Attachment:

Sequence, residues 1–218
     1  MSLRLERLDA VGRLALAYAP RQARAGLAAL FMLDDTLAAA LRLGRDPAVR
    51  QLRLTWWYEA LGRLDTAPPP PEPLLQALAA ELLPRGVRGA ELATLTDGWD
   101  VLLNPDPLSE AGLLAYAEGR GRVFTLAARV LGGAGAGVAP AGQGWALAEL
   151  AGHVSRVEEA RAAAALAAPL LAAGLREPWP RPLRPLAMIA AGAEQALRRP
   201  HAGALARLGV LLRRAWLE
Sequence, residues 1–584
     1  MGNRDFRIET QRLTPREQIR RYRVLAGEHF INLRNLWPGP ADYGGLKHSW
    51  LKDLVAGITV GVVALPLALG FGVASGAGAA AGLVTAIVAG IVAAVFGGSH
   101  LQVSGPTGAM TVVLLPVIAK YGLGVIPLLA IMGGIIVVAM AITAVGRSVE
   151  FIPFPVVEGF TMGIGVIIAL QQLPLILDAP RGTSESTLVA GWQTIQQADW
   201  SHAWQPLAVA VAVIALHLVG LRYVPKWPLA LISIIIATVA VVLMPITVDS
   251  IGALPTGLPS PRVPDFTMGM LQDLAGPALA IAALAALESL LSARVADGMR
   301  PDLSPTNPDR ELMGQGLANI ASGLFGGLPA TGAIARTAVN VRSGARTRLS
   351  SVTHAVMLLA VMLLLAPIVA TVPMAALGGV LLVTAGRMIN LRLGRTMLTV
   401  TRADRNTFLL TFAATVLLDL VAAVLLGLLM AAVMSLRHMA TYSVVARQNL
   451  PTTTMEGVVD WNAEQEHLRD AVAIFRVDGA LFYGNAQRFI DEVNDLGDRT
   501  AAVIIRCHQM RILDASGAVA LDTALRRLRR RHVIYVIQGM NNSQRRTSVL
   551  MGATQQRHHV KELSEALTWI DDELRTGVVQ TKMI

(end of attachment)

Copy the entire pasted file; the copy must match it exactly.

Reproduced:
Sequence, residues 1–218
     1  MSLRLERLDA VGRLALAYAP RQARAGLAAL FMLDDTLAAA LRLGRDPAVR
    51  QLRLTWWYEA LGRLDTAPPP PEPLLQALAA ELLPRGVRGA ELATLTDGWD
   101  VLLNPDPLSE AGLLAYAEGR GRVFTLAARV LGGAGAGVAP AGQGWALAEL
   151  AGHVSRVEEA RAAAALAAPL LAAGLREPWP RPLRPLAMIA AGAEQALRRP
   201  HAGALARLGV LLRRAWLE
Sequence, residues 1–584
     1  MGNRDFRIET QRLTPREQIR RYRVLAGEHF INLRNLWPGP ADYGGLKHSW
    51  LKDLVAGITV GVVALPLALG FGVASGAGAA AGLVTAIVAG IVAAVFGGSH
   101  LQVSGPTGAM TVVLLPVIAK YGLGVIPLLA IMGGIIVVAM AITAVGRSVE
   151  FIPFPVVEGF TMGIGVIIAL QQLPLILDAP RGTSESTLVA GWQTIQQADW
   201  SHAWQPLAVA VAVIALHLVG LRYVPKWPLA LISIIIATVA VVLMPITVDS
   251  IGALPTGLPS PRVPDFTMGM LQDLAGPALA IAALAALESL LSARVADGMR
   301  PDLSPTNPDR ELMGQGLANI ASGLFGGLPA TGAIARTAVN VRSGARTRLS
   351  SVTHAVMLLA VMLLLAPIVA TVPMAALGGV LLVTAGRMIN LRLGRTMLTV
   401  TRADRNTFLL TFAATVLLDL VAAVLLGLLM AAVMSLRHMA TYSVVARQNL
   451  PTTTMEGVVD WNAEQEHLRD AVAIFRVDGA LFYGNAQRFI DEVNDLGDRT
   501  AAVIIRCHQM RILDASGAVA LDTALRRLRR RHVIYVIQGM NNSQRRTSVL
   551  MGATQQRHHV KELSEALTWI DDELRTGVVQ TKMI